Machine learning is automated data analysis through algorithms that automatically create analytical models. It basically allows for machines to not only collect information from corporate environments, but also learn from it. To date, machine learning applications in the human resource space are mainly focused on predictive analysis and talent relationship, mostly in the recruitment process. One instance of such an application is PhenomPeople.com, which takes marketing personalization practices and data analysis, and uses them in the recruitment process.

Performance Management

Another high-impact change is the dynamic nature of performance management. Fluidic and always-on review systems are allowing HR to replace annual performance reviews by on-the-go check-ins. Even the barriers of distance and time are no longer valid—video conferencing tools built into performance discussions are breaking the boundaries like never before, enabling seamless and fruitful discussions, aided by the latest technology. Such video technologies are helping the cause of employee communications, bringing leadership messaging and engagement closer to the employee.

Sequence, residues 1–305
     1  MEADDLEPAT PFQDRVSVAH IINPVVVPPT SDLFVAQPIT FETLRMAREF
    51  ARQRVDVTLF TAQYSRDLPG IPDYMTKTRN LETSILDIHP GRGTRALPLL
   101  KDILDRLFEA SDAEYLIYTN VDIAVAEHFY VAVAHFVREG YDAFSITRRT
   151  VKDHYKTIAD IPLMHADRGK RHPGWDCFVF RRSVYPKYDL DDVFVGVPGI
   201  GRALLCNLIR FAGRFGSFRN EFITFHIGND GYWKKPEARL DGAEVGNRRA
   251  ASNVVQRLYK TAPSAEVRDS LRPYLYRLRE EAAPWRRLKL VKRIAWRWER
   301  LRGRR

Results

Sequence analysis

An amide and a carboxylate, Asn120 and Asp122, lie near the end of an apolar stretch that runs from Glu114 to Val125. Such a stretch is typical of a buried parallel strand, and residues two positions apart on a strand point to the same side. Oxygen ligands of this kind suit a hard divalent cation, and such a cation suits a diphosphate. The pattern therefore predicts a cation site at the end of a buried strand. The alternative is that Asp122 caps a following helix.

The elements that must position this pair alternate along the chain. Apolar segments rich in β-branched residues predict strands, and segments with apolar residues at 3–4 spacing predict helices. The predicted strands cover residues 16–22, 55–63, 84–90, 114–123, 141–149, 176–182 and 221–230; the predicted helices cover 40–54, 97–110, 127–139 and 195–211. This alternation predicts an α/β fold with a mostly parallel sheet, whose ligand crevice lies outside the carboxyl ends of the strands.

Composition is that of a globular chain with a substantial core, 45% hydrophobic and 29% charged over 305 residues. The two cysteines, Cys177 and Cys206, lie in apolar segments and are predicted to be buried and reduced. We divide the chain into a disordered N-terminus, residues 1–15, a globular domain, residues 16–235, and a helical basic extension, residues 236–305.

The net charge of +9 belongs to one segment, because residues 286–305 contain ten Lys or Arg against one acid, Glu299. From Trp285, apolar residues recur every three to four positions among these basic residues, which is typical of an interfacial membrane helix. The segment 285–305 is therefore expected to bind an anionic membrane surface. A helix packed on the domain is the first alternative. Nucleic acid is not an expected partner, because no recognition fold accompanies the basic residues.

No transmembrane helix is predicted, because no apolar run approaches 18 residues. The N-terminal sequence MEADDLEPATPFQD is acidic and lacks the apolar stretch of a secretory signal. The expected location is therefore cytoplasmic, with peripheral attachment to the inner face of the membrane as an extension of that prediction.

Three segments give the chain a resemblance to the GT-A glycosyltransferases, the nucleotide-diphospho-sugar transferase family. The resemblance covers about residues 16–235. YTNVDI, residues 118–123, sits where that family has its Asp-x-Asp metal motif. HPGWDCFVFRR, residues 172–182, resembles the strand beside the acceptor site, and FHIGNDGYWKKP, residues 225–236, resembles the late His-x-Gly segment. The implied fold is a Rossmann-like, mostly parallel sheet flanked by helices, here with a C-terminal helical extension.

Of course, it is the technology changes that came first and drove the subsequent evolution of HR. That is why we must acknowledge the contributions of technology innovators, those who have taken the first steps in envisioning the unimaginable and bringing it to life by way of technology. This is the way ahead for any function to become future-ready.

Virtual and Augmented Reality

While virtual reality has been around for several years, consumer applications are barely making strides in the market. Meanwhile, virtual and augmented reality will continue to mature and find its way into the workplace environment. For example, Microsoft is preparing the launch of the Hololens headset which will likely be embraced by human resource professionals in the not-so-distant future.

This type of technology is primed for disrupting talent management and productivity. We can envision the potential of virtual reality in enterprise training and learning, where employees can use it for anything ranging from off-site assignments to corporate training.